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Gao Guanghua Teacher. Doctor. Soldier. Artist.

In 2016, when Gao Guanghua arrived in the U.S. after spending years as a refugee in Thailand, you were there to walk alongside him. As a community of volunteers and donors, you helped Gao find a doctor who speaks his language, gain access to subsidized senior housing, connect with new friends in the community, and more.
Gao Guanghua’s story began long before he became a refugee, and long before his path intersected with World Relief. He shared a small part of that story from his apartment near Chinatown.

Journey

Gao Guanghua - My journey to America is a long story, but I can make it brief. In China, I was a doctor. I was a soldier. I was a teacher. In 1989, June 4, the Tiananmen Square event happened, as we all know.

I went from my home to Tiananmen Square to participate. After that, I was affected in a negative way because of my participation. So eventually, I went to Thailand and I stayed there seven or eight years.

UNHCR had an office in Bangkok. I spent a lot of money applying to become a refugee. It took a lot of time and it was complicated. Eventually, they approved me as an international refugee. It was a different kind of refugee than the way we talk about it in my culture. It doesn’t mean you have to be homeless. It’s more about people being politically persecuted.

Most of the refugees from China are refugees because they are persecuted by the Chinese government. I belong to that group.

So I was approved as a refugee, and after that UNHCR took care of me very carefully and sent me to the U.S. I came here, and got some benefits from the U.S. government.

When I arrived, my caseworker found a college student—also from China—who picked me up at the airport. All my I.D. and documents are now [on file] at World Relief. I didn’t have to get a lawyer or spend any money. World Relief just actively provided me with those things. This is a brief summary of how I came to the U.S.

Medicine

I had been a doctor in Chinese medicine for ten years. So, in Thailand I could make my personal information public and open my own clinic. I also worked at a hospital and split the profits with my supervisor. But now in the U.S., not only can I not open a clinic. I cannot even be a doctor.

If I want to be a doctor again, I must have my certificate mailed here from China. Then I have to take some tests and turn it into an American certificate in order to practice legally here. In that sense, I had more freedom in Thailand than I have here. It’s like a hero who has no place to show off (laughs).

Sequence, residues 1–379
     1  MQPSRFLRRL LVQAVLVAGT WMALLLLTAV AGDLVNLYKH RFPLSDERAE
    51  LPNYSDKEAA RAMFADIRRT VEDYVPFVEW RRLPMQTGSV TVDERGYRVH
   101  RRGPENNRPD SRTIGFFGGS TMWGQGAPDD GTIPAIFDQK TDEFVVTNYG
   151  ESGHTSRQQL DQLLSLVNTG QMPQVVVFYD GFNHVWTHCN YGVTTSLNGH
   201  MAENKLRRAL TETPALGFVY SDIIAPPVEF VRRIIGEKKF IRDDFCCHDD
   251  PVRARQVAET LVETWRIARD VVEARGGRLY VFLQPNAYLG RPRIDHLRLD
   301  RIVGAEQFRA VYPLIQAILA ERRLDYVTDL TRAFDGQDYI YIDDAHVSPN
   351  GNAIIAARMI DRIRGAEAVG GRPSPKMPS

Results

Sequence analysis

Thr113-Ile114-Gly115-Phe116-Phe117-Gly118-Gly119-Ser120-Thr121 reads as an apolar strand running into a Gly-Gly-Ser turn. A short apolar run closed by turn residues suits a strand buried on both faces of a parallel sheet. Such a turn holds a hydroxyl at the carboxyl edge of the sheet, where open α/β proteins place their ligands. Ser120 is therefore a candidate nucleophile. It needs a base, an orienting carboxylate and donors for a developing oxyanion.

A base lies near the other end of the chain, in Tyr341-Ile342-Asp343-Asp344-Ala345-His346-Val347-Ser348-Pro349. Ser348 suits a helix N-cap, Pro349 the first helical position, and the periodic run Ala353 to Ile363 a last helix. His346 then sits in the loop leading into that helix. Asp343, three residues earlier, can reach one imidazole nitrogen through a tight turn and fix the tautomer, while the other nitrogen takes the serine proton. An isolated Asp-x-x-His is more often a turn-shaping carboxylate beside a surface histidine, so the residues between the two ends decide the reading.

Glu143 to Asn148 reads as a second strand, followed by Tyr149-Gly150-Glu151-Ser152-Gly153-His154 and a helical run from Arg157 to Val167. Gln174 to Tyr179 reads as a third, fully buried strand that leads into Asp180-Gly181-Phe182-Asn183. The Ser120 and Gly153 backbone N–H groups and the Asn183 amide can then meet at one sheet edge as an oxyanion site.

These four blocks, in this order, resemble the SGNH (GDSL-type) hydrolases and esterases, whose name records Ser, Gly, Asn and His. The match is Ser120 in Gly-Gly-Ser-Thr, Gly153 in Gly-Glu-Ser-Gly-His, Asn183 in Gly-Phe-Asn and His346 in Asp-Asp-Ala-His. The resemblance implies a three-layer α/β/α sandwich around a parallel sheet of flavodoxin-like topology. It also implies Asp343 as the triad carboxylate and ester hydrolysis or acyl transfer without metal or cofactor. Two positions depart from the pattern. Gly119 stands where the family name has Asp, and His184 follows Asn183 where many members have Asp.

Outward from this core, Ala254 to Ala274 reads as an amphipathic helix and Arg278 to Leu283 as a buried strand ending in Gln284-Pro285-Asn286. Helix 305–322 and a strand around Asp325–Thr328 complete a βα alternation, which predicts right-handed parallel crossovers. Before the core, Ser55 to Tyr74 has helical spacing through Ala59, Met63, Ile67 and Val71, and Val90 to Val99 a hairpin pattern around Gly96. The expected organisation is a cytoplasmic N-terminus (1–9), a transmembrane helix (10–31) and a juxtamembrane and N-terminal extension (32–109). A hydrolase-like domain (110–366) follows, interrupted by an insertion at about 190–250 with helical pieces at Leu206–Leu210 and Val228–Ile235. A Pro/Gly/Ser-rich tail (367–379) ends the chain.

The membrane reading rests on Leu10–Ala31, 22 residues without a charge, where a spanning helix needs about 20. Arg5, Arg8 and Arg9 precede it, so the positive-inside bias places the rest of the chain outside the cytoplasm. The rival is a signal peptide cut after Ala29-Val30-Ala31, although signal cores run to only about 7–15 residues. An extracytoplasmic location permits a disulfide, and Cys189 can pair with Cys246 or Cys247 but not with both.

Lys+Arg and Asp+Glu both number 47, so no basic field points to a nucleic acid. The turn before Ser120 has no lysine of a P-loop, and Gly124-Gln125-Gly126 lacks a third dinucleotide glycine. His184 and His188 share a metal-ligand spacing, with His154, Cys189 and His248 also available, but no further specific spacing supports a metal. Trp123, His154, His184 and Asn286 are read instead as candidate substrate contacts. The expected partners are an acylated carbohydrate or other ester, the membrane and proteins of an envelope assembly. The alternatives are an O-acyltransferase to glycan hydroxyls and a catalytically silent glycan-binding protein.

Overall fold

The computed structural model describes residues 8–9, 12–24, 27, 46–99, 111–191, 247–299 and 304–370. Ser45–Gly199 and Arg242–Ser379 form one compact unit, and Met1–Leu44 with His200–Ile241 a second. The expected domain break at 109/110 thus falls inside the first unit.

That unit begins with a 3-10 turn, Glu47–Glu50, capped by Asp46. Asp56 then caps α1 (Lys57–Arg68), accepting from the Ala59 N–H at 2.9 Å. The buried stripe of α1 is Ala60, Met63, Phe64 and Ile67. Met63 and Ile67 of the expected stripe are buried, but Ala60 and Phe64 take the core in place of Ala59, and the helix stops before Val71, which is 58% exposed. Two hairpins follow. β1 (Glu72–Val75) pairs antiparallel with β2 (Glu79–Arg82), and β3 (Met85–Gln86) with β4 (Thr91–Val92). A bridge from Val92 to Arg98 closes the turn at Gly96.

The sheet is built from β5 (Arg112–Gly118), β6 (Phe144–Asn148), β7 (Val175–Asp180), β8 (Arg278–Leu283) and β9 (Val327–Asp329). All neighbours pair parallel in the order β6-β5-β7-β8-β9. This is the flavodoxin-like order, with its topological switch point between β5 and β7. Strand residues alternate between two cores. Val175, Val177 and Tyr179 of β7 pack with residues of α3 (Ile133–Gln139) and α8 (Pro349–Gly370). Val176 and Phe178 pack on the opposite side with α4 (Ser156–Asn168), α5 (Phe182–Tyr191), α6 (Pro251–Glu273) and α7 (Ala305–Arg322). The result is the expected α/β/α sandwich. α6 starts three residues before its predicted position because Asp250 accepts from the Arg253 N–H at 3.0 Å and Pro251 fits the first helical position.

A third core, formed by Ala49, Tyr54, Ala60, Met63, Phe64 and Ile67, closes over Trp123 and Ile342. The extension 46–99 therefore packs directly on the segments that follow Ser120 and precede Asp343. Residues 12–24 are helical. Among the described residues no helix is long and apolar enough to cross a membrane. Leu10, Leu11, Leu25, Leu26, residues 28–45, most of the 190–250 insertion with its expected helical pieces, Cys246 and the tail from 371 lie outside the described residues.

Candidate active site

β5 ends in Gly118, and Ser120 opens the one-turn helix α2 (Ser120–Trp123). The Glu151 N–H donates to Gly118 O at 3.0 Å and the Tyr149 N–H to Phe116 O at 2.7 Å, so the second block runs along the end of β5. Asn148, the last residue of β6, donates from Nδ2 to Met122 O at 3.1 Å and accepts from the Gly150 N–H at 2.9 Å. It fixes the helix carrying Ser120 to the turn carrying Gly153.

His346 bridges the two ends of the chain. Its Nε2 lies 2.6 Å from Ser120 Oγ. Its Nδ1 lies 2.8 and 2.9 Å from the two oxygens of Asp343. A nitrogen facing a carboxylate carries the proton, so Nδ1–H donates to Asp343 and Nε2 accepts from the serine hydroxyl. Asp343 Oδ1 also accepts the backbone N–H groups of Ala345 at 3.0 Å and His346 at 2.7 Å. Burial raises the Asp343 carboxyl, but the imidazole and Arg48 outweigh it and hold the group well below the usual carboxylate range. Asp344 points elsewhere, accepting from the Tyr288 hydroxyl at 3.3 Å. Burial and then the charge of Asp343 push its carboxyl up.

Teaching

When I was a student, it was before Chairman Mao’s cultural revolution. Later, I became a middle school teacher.

I taught in schools in remote areas of the countryside. Physics, chemistry, math, geography, biology, and some other courses like writing, music, physical education, and arts. Calligraphy was not an important part of what we taught.

If you went to school before the cultural revolution, you’d learn calligraphy. If you went after, you wouldn’t learn calligraphy. It disappeared.

So right now, very few people in China can write like this. People who are 80 years or older can write like this. Among people my age, 70, you might be able to find some people. Under my age, you can hardly find anyone who knows how to write like this.

Calligraphy

Calligraphy is a treasure of Chinese culture. I was seven or eight years old when I started learning calligraphy. I didn’t like it at the beginning. But the more I practiced, the more I developed an interest.

Especially in my home town in the northern part of China, people in my father’s generation could do excellent calligraphy. Each year for the Chinese new year, every home had a person who could create a banner for each side of the door. The banners had phrases or blessings with the same general idea - well wishes for people in their careers, wishes that they’d be prosperous, peaceful, and healthy. But there are a variety of ways to say it.

Now, I’m part of Chinese calligraphy organization here in Chicago. We do a lesson once a week. The people who are interested can come to learn. We’ll give you one brush and some ink for free.

It used to be $10 per lesson, but now it’s only $5. Still, very few people come to learn. Also, every Tuesday, I go to a senior center in Chicago's little Vietnam and teach Chinese calligraphy.

Explaining a Chinese Phrase

This one is a saying from Confucius, quoted by another very famous leader. In Chinese, each character represents an idea.

So, this first one on the right means the heavens. The second one means everything under heaven—many people, many nations, but they’re all human beings. The third one has many different meanings. But in this context it means to do something in order to reach a goal.

The last one represents the public. Look at the image of this last character. One stroke to the left, one stroke to the right. Below those two strokes is a symbol that means, “self.” It basically means, eight people can make a group or fellowship.

So the combined meaning of the whole phrase is: Everything under the heaven and down to the earth is done for the public. For ordinary people. It’s not determined by only one person or politician.

We can use this to describe America’s political system. But China is far away from that kind of system. And that’s the best I can explain it.

The Chinese language is very deep. Very complicated. For example, maybe you can learn English in three years, but you cannot acquire Chinese in thirty years.

Like his language, Gao Guanghua's story is deep and rich. Donate today to help others like Gao rebuild their lives in America.

Photos and interview by Jacob Mau / @Beyondsoundbites | Interpretation by Wei Wei

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